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Positive results for Australian company testing peptide to target glaucoma

Perth pharmaceutical company NeuroScientific Biopharmaceuticals (NSB) has announced its lead drug candidate slowed glaucoma-induced damage to the optic nerve, in findings that highlight its potential as a clinically useful treatment.

The pre-clinical efficacy study of its drug, EmtinB, conducted by the Lions Eye Institute in Perth, Western Australia, demonstrated the neuroprotective effect of the drug by slowing damage to the optic nerve caused by glaucoma. It produced statistically significant increases in neurofilaments and cytoskeleton proteins.

New findings released in a final report this week also showed it did not cause any toxicity in the tissues analysed during the study.

The trial simulated high intraocular pressure in a pig model, which was the closest experiment to replicate severe human glaucoma pathology. The positive results, the company claims, indicates the disease modifying potential of EmtinB.

“We strongly believe that our studies in rabbits, pigs and subsequently humans can lead to the paradigm shift in the glaucoma field and offer a new foundation for the development of novel mechanism-based therapy, and preventive intervention for glaucoma,” NSB chairman Mr Brian Leedman said.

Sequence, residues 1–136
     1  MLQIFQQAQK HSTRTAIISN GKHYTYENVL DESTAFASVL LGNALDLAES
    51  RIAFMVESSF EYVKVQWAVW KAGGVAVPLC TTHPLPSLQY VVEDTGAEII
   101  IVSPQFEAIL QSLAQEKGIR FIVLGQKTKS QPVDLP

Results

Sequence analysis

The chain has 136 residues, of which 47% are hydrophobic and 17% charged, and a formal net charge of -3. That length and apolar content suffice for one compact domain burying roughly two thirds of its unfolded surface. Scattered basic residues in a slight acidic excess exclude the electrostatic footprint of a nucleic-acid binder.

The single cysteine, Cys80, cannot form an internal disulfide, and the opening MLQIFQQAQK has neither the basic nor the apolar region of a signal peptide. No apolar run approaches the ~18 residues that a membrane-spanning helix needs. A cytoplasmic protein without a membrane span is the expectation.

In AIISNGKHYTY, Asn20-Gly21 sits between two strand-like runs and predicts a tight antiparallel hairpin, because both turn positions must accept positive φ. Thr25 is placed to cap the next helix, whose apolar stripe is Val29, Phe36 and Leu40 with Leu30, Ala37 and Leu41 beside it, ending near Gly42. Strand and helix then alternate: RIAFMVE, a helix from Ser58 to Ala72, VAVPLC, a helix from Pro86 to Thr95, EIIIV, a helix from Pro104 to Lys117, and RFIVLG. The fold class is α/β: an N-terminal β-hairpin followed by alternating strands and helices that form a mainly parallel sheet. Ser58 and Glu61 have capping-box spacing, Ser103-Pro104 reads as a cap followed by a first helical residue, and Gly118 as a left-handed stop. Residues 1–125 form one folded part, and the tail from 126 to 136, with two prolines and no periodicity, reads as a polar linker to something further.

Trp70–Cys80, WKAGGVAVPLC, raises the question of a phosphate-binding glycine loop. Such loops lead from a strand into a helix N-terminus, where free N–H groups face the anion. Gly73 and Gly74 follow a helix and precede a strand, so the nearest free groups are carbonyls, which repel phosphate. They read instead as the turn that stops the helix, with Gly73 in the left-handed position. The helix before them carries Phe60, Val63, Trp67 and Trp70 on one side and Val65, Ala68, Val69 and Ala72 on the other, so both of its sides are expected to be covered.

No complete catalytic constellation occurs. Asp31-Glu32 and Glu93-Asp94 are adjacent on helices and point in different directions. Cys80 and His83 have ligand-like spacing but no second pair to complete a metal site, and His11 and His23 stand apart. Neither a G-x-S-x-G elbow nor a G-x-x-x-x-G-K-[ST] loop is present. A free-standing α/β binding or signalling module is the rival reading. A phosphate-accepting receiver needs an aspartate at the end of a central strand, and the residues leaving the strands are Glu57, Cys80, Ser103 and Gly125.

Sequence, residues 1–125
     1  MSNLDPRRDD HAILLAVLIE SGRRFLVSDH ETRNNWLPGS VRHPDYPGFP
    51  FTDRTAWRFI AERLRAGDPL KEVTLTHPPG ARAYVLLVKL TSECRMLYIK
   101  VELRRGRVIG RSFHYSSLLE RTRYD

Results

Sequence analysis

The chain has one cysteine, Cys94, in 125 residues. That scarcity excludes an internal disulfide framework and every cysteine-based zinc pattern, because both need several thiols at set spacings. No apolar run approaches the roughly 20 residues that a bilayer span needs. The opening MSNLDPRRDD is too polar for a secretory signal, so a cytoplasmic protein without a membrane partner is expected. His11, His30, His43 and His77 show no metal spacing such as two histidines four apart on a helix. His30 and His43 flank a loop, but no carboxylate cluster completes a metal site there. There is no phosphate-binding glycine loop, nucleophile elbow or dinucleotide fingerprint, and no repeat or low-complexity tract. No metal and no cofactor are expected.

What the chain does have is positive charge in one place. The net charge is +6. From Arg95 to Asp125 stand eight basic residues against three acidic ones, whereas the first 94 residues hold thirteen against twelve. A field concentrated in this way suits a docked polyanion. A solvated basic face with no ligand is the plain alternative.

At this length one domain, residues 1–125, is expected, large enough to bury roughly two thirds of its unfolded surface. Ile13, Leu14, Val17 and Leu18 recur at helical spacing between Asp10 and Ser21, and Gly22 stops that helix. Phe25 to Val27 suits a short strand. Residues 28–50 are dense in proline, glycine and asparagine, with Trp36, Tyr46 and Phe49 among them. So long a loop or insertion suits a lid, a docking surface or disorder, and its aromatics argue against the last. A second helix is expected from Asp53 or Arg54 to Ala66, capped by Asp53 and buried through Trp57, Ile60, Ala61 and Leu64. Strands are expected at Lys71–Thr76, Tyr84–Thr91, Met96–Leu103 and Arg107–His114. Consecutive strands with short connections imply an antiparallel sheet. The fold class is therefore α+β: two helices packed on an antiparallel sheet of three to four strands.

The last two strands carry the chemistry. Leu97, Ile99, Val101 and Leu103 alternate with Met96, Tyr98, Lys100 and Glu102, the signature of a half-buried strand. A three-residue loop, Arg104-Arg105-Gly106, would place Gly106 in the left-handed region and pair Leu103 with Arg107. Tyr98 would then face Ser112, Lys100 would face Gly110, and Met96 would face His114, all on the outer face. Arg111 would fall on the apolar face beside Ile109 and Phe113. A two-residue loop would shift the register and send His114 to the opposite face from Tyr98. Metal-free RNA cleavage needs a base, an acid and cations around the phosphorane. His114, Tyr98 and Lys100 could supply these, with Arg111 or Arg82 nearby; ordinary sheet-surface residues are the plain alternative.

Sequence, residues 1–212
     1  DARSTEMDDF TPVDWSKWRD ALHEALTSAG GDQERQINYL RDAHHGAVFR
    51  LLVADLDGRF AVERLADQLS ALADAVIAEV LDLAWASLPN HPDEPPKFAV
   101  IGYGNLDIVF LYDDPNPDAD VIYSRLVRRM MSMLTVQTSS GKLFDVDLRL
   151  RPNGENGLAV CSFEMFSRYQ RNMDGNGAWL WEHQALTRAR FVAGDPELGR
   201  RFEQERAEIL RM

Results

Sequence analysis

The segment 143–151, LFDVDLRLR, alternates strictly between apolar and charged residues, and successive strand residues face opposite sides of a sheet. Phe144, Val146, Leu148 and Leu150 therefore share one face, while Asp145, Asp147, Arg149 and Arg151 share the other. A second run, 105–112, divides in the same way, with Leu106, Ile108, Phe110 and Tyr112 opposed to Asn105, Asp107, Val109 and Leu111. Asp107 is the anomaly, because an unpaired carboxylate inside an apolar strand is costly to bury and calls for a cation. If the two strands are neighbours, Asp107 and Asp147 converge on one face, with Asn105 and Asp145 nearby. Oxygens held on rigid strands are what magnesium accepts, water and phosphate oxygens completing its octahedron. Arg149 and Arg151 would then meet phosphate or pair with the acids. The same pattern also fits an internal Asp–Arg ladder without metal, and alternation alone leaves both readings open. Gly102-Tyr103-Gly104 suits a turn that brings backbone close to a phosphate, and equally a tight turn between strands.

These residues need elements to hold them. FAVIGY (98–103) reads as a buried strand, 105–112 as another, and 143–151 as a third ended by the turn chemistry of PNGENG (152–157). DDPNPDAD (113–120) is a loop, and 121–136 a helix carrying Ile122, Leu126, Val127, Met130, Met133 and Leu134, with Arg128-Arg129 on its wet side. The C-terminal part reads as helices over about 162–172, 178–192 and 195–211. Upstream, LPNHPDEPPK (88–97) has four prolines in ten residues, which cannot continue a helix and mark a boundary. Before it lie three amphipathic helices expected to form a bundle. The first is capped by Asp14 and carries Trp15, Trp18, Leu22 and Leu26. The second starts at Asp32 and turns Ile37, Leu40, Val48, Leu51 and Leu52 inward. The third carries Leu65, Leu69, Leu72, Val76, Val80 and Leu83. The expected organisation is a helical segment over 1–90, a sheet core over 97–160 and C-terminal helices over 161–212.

“These studies may also have a wider impact on discovering the pathogenesis and therapeutics of other neurodegenerative disorders in the eye, brain and spinal cord such as macular degeneration, Alzheimer’s, multiple sclerosis (MS) and spinal injury.”

Listed on the ASX in July 2018, NSB is developing peptide-based pharmaceutical drugs that target several neurodegenerative conditions that it claims have high unmet medical demand. The company’s product portfolio includes EmtinB, a therapeutic peptide initially targeting Alzheimer’s disease and glaucoma, as well as other Emtin peptides which have demonstrated similar therapeutic potential as EmtinB.

A 3D representation of the EmtinB molecule.

Professor Dao-Yi Yu led the research team who performed the pig model glaucoma study at the Lions Eye Institute.

“The experiments went very well and it is encouraging that EmtinB has shown protective effects in this pig model of intraocular pressure elevation,” he said.

“Taken together with recent results from other groups, there seems to be real potential for EmtinB to be clinically useful in the treatment of glaucoma, the second most common cause of blindness in our community.”

NSB has also reported significant positive results of a preclinical study of EmtinB in an in vitro model for MS undertaken by independent research organisation Neuron Experts, in France.

The company stated it is progressing the safety and toxicology program of EmtinB to be concluded in the second half of this year, with first human studies scheduled for later this year.

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